Apple OS X Mountain Lion review: iOS-like features help unify your digital world

The new desktop OS benefits from new features adopted from iOS

By Michael deAgonia, Computerworld |  Software, Apple, OS X Mountain Lion

Safari's Preferences now has a Passwords panel, so if you ever forget your password for a website, you can find out what it was by entering your Mac account's password. Privacy settings allow you to ask websites not to track you and you can stop search engines from providing suggestions.

Finally, Safari features a nifty "pinch" gesture in Mountain Lion. If you use the pinch-to-close gesture with multiple tabs open, the gesture will shrink the current Web page to a Cover Flow-type image, and you can swipe left and right between your tabs using two fingers. It's a more graphical way of moving between tabs.

It's not all good news for Safari fans, though. This version of the browser no longer has a built-in RSS reader. If you try to connect to an RSS feed, you get a prompt to search the Mac App Store for alternative readers. I've been an avid RSS user in Safari and was initially disappointed with the change. I ended up buying the RSS reader called Reeder, and I recommend it for other RSS fans.

A more secure OS X

The trick to making a system secure is finding the right balance between limiting access to detrimental processes while maintaining as much freedom of choice as possible. In iOS, there's a reason Apple locks down what apps can be installed on an iPhone, iPad or iPod, but funneling all installations through an Apple-approved channel wouldn't work on the desktop. Or would it?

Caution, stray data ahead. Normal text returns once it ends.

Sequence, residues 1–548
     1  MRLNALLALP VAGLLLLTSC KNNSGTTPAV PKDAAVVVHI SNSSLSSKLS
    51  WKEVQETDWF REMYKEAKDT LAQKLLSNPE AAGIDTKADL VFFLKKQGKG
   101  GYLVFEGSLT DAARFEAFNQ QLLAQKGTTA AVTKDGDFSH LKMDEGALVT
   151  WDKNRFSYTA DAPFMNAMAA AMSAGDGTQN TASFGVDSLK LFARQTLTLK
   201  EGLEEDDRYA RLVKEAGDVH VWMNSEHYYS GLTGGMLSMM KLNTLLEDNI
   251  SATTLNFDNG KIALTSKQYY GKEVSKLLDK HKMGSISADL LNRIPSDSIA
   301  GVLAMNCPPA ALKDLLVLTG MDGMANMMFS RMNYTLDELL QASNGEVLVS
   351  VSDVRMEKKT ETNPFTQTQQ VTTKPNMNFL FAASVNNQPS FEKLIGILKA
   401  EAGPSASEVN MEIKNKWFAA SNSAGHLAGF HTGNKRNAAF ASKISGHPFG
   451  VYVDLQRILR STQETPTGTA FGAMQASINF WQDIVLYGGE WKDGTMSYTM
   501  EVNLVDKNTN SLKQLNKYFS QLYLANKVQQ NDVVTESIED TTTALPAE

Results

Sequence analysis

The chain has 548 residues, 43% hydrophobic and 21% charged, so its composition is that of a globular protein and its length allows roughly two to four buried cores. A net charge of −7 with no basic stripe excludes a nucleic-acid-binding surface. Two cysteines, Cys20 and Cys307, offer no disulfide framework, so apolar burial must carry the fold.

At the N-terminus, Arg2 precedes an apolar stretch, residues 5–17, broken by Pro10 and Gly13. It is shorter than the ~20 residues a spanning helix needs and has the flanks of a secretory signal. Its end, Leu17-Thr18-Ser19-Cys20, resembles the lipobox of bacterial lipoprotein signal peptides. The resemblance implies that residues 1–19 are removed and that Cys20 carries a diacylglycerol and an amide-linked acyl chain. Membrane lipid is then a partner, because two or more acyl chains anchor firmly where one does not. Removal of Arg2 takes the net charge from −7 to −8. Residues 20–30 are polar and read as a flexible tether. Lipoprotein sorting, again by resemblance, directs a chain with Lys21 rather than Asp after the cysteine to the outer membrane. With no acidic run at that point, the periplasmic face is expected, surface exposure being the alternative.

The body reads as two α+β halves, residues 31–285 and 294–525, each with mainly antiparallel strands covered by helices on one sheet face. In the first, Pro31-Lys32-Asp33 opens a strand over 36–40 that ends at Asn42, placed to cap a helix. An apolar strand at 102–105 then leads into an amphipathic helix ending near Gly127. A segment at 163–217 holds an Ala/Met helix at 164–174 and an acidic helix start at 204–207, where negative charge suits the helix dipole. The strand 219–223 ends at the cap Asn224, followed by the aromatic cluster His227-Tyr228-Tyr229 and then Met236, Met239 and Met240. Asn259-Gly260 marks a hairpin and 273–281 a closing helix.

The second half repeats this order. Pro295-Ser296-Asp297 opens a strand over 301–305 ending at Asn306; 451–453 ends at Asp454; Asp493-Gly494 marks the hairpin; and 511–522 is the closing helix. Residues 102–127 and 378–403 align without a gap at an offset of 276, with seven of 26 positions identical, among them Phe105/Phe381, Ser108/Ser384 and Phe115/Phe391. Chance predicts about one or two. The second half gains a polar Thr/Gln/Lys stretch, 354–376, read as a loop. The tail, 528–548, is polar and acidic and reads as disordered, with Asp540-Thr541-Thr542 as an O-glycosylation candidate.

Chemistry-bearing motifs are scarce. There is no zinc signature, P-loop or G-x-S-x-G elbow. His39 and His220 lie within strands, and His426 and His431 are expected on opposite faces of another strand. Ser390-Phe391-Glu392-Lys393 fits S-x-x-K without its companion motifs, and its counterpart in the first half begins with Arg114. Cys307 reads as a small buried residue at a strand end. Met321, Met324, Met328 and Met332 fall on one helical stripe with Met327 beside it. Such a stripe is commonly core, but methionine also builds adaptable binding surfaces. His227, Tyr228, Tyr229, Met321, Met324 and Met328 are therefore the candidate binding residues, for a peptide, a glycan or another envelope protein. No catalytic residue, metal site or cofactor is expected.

Currently, you can install and run programs on OS X from anywhere, and you'll receive just one warning that untrusted downloads can be harmful, and that warning will appear only during a program's first run. The Mac App Store alleviated most fears about potentially harmful software, since Apple has to approve any digital wares sold there. In Mountain Lion, Apple has come up with what seems like a fairly logical compromise between a Wild West download world and a total lockdown. That compromise is called Gatekeeper.

Apple's Gatekeeper feature allows a user to limit what apps can run in OS X.

Gatekeeper embodies a new security paradigm in which you pick one of three types of security modes for OS X. The first allows apps downloaded from anywhere to run -- it's an option literally called Anywhere, and it can be found in the "Allow applications downloaded from:" section of the Security preferences panel. This will let your Mac behave as it has in the past, with app installations from any source allowed with the proper permissions at a user's discretion.

The second option allows apps to be installed only if they come from the "Mac App Store and identified developers." This allows digitally-signed apps to run on your Mac. Because apps must be digitally signed, Apple can revoke privileges for troublesome apps and track down the responsible parties, since each signature is unique. Applications that aren't signed won't run in OS X when this mode is enabled.

The last option only allows apps downloaded from the Mac App Store to install or run. That's as self-explanatory -- and secure -- as you can get.

I ran into Gatekeeper when installing a new version of Parallels. Mountain Lion stopped the process, said I didn't have the security rights, and told me to go to the System Preferences and change the install options. To change security options requires an administrator username and password, and once I changed the setting to allow installs from anywhere, Parallels loaded up just fine.

As more apps become "Gatekeeper aware," concerns about malware or installing from untrusted sources may be something IT departments can stop worrying about regarding their Macs. But that will take time.

As another security measure, Mountain Lion disables Adobe Flash if it sees that it's not the latest version. Users can then download the update from Adobe's site. Java is a separate download as well. If any of your apps need it, you'll be prompted to download it; it's an easy install through Software Update.


Originally published on Computerworld |  Click here to read the original story.
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